Modeling precipitation from concentrated solutions with the EQ3/6 chemical speciation codes

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One of the more important uncertainties of using chemical speciation codes to study dissolution and precipitation of compounds is the results of modeling which depends on the particular thermodynamic database being used. The authors goal is to investigate the effects of different thermodynamic databases on modeling precipitation from concentrated solutions. They used the EQ3/6 codes and the supplied databases to model precipitation in this paper. One aspect of this goal is to compare predictions of precipitation from ideal solutions to similar predictions from nonideal solutions. The largest thermodynamic databases available for use by EQ3/6 assume that solutions behave ideally. However, ... continued below

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Brown, L. F. & Ebinger, M. H. January 13, 1995.

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One of the more important uncertainties of using chemical speciation codes to study dissolution and precipitation of compounds is the results of modeling which depends on the particular thermodynamic database being used. The authors goal is to investigate the effects of different thermodynamic databases on modeling precipitation from concentrated solutions. They used the EQ3/6 codes and the supplied databases to model precipitation in this paper. One aspect of this goal is to compare predictions of precipitation from ideal solutions to similar predictions from nonideal solutions. The largest thermodynamic databases available for use by EQ3/6 assume that solutions behave ideally. However, two databases exist that allow modeling nonideal solutions. The two databases are much less extensive than the ideal solution data, and they investigated the comparability of modeling ideal solutions and nonideal solutions. They defined four fundamental problems to test the EQ3/6 codes in concentrated solutions. Two problems precipitate Ca(OH){sub 2} from solutions concentrated in Ca{sup ++}. One problem tests the precipitation of Ca(OH){sub 2} from high ionic strength (high concentration) solutions that are low in the concentrations of precipitating species (Ca{sup ++} in this case). The fourth problem evaporates the supernatant of the problem with low concentrations of precipitating species. The specific problems are discussed.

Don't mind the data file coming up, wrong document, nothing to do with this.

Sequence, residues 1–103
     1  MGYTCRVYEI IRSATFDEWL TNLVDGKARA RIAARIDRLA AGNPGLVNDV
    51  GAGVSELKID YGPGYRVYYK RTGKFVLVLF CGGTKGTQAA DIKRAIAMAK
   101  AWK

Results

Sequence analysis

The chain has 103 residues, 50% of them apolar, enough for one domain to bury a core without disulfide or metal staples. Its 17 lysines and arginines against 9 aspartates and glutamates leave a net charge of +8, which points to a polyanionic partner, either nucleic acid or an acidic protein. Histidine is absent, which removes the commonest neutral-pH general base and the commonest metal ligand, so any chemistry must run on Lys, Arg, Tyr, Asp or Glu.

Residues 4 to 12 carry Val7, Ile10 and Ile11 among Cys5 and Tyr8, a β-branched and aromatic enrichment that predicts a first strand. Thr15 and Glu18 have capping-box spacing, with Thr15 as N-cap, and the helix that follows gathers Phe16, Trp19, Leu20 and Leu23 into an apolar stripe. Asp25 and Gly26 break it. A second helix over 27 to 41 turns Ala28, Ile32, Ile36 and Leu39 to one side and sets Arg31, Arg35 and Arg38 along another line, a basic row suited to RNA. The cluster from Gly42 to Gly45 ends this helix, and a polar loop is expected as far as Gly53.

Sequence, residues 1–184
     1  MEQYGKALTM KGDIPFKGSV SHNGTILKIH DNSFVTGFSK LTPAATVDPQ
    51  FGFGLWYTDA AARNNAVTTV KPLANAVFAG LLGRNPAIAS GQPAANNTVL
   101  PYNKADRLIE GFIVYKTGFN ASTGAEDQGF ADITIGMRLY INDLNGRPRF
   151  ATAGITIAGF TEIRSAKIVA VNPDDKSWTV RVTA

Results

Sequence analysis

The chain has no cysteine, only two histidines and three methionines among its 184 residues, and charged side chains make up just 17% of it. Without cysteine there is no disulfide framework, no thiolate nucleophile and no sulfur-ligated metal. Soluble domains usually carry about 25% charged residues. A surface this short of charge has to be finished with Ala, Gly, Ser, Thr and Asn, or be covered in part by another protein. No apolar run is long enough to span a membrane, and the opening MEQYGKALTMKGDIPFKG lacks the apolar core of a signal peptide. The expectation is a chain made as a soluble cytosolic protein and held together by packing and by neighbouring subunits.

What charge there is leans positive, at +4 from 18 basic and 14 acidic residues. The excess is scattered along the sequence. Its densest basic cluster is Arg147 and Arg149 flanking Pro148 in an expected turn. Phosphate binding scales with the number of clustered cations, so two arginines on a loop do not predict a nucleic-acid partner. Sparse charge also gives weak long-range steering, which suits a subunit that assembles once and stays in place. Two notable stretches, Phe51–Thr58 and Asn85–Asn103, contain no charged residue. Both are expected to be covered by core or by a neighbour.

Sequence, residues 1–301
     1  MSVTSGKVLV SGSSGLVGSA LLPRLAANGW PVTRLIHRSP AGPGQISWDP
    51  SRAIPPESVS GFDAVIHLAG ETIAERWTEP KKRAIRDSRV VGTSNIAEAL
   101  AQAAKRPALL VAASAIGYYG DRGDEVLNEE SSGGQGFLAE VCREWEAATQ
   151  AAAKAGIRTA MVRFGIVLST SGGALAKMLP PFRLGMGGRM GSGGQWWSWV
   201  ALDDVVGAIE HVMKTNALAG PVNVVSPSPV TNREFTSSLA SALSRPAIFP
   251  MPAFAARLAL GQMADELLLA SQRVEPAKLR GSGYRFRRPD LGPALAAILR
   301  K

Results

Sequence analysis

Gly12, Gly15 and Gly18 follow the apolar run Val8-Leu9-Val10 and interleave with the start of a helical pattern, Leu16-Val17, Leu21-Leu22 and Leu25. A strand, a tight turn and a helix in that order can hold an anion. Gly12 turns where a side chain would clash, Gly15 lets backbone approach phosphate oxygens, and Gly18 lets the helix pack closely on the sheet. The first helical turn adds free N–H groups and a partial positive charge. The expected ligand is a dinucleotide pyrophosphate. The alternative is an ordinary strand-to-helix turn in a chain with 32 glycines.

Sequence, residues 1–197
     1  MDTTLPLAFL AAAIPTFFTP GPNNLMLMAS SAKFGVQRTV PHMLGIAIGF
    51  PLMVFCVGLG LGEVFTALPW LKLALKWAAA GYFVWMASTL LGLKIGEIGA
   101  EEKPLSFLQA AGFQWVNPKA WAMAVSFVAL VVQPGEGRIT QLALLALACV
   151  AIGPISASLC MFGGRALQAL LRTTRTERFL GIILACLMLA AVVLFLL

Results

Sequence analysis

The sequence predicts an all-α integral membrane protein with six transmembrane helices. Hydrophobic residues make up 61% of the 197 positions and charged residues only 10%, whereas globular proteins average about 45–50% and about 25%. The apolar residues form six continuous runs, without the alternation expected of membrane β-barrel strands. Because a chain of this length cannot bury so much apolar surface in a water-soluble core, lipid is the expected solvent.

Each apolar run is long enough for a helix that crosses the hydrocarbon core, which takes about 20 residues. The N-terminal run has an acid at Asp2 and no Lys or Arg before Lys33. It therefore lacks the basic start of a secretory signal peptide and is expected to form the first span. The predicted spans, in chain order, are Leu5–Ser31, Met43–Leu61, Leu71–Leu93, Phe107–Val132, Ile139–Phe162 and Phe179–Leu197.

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Medium: P; Size: 12 p.

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OSTI; NTIS; GPO Dep.

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  • Waste management `95,Tucson, AZ (United States),26 Feb - 2 Mar 1995

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  • Other: DE95006264
  • Report No.: LA-UR--95-201
  • Report No.: CONF-950216--46
  • Grant Number: W-7405-ENG-36
  • Office of Scientific & Technical Information Report Number: 10118678
  • Archival Resource Key: ark:/67531/metadc1274904

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  • January 13, 1995

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  • Oct. 12, 2018, 6:44 a.m.

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  • Nov. 13, 2018, 1:20 p.m.

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Brown, L. F. & Ebinger, M. H. Modeling precipitation from concentrated solutions with the EQ3/6 chemical speciation codes, article, January 13, 1995; New Mexico. (https://digital.library.unt.edu/ark:/67531/metadc1274904/: accessed March 25, 2019), University of North Texas Libraries, Digital Library, https://digital.library.unt.edu; crediting UNT Libraries Government Documents Department.